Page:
Cuban Salsa: Sombrero Doble

Sombrero Doble is a very common move, and it comes in three different main versions with several sub versions. Since all the versions are good with very many videos found, I will rename the three major versions in order to distinguish them from one another, and to make them easier to learn and remember.

1 Sombrero Triple

This is the version most instructors from Cuba call Sombrero Doble by pure instinct. It is two handed all the way and Sombrero is actually done three times in a row, right-left-right. Since we have Sombrero three times, it makes sense to call this version for Sombrero Triple, or to remember it like that.

Video 1 is from Mexican “Salsafición”, 2018, with Amando and Anahí. Note that the second Sombrero, bringing the Follow to the Left of the Lead, turns the Follow 1.5 times.

Same Video on YouTube

Even if we prefer one of the other versions of Sombrero Doble, the above version is a good exercise. It is difficult to make full-blown Sombreros three times with ease and elegance. I prefer this version myself, because it can be used in Paseala walks, when there is an opening on the dance floor.

The “to the left” Sombrero bringing the Follow to the left of the Lead is often done “cheating” (me too) reducing the 1.5 turn to just a half turn. This is easier and works well as we are going to see in the next two videos.

The next video is similar to Sombrero Triple except that only a half turn is used for the second Sombrero. In addition this version gets one handed in the middle, but the one hand, the Dedo (finger), is only used to start the third Sombrero.

Video 2 is from “Avinciia-Dance”, France, 2017.

Same Video on YouTube

2 Sombrero Doble con Dedo

El Dedo (the finger) plays a major part in the second main version of Sombrero Doble. Let us call it Sombrero Doble con Dedo. The move ends like the beginning of A Bayamo moves, with “half a hat”, a Medio Sombrero. This is nice, because we can now use this version of Sombrero Doble to start one of the many A Bayamo moves.

Video 3, is from “bebesalsaa” (Salsa Lovers), 2011.

Same Video on YouTube

Video 4 is from “Grimaldidance”, Spain, 2017. They use the “El Dedo” version of Sombrero Doble but gives it a twist at the end, the Lead turns himself on seven.

Same Video on YouTube

“Grimaldidance” have many good videos except that they dance pseudo Cuban Salsa with back rocking all over the place.

3 Sombrero Doble “back-to-back”

The second half of this version replaces the Dedo (finger) with a one handed back-to-back turn (Video 5). A two handed back-to-back turn is also common (video 6).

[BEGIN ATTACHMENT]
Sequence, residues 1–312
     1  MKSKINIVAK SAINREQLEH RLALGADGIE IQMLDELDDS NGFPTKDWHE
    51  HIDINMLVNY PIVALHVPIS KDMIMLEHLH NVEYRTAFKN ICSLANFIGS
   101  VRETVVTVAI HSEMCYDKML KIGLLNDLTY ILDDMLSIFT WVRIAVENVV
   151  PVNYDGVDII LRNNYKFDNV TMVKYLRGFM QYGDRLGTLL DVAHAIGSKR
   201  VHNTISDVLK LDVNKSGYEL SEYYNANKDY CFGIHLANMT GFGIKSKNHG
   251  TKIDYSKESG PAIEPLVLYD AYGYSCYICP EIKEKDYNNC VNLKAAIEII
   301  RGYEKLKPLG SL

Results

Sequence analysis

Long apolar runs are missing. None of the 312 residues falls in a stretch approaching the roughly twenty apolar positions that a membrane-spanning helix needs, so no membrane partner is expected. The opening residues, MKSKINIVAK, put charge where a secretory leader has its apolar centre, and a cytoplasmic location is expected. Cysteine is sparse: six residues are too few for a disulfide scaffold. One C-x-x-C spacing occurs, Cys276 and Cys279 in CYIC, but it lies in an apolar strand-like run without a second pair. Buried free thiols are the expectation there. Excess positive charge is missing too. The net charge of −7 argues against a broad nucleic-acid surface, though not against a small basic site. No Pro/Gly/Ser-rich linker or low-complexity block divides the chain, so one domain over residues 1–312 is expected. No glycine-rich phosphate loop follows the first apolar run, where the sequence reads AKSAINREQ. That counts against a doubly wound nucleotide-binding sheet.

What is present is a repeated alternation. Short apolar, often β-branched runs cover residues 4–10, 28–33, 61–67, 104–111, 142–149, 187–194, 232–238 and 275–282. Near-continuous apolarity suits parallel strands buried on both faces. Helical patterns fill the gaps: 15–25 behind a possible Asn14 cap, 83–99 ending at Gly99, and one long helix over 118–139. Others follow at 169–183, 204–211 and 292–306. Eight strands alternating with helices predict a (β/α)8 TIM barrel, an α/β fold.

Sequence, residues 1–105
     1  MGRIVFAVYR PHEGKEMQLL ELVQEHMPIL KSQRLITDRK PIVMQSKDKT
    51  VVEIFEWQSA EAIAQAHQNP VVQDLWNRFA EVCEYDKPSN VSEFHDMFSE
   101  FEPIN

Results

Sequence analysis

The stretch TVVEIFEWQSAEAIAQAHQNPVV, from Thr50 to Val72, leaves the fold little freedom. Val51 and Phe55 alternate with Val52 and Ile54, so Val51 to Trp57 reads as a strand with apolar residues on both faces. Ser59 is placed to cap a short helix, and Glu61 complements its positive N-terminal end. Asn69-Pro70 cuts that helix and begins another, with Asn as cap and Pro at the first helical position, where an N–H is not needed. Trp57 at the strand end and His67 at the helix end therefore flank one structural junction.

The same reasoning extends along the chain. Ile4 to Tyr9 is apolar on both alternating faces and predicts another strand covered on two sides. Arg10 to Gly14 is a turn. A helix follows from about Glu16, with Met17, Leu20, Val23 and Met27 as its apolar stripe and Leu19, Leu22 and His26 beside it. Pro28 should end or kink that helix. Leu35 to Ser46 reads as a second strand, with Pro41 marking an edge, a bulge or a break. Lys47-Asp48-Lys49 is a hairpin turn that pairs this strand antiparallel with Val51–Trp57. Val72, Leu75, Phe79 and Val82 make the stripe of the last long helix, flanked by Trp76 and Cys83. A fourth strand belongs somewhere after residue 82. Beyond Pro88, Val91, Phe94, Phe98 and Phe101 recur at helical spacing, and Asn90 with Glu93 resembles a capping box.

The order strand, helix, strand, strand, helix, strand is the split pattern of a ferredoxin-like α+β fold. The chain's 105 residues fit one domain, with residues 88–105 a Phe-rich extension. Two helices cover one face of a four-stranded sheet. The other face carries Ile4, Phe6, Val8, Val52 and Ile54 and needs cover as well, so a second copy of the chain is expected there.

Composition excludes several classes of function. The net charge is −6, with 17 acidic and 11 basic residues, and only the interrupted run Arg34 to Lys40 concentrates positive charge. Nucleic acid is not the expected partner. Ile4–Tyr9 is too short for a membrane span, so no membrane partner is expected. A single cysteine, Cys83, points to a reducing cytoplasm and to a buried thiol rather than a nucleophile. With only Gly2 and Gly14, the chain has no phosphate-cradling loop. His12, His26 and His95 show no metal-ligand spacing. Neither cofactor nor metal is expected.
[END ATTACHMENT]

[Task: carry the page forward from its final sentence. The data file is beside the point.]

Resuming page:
When a move contains a back-to-back turn, and we want it to be part of the Spanish title, it is more or less standard to use the English expression “back-to-back”, because it is too difficult to find a good Spanish expression.

Video 5, is from “Palante Ithaca”, Greece, 2010, with Nikolay and Xhercis. Instead of doing El Dedo after getting out of the second Sombrero, they do a one handed back-to-back turn.

Same Video on YouTube

Video 6 is from “Hanamni Dance”, Hungary, 2018. Also a very common version replacing El Dedo with a two handed back-to-back turn.

Same Video on YouTube

In this tutorial we have seen six different ways to do Sombrero Doble. At intermediate level, a Lead should stick to one of them but at advanced level it is good to learn and practice them all. And even more variations could have been added. The more options your body memory knows when starting Sombrero Doble, the easier it is to catch the moment and improvise to the music.

4 Sombrero with Vacilala or Habanero steps

Sombrero can be done with Vacilala steps, stepping forward on one, turning on 1-2-3 and walking on 5-6-7, or with Habanero steps, stepping forward on one, walking on 1-2-3 and turning on 5-6-7, as explained in the tutorial Cuban Salsa: Sombrero. Sadly to say, some Dance Schools pervert the Habanero steps by using back rocking instead of stepping forward on one, turning the lovely Cuban Habanero into some sort of Vuelta right turn that doesn’t belong in Cuban Salsa.

All the videos above use Vacilala steps for the first Sombrero except “Video 3” using a Vuelta right turn instead of the correct Habanero steps (the Follow forgets to step forward on one). The French “Video 2” is interesting. They use Vacilala steps for the first Sombrero, but they start the last Sombrero with back rocking instead of stepping forward. The Lead, Armandino, is known to be a good LA style salsa dancer often mixing the two styles.

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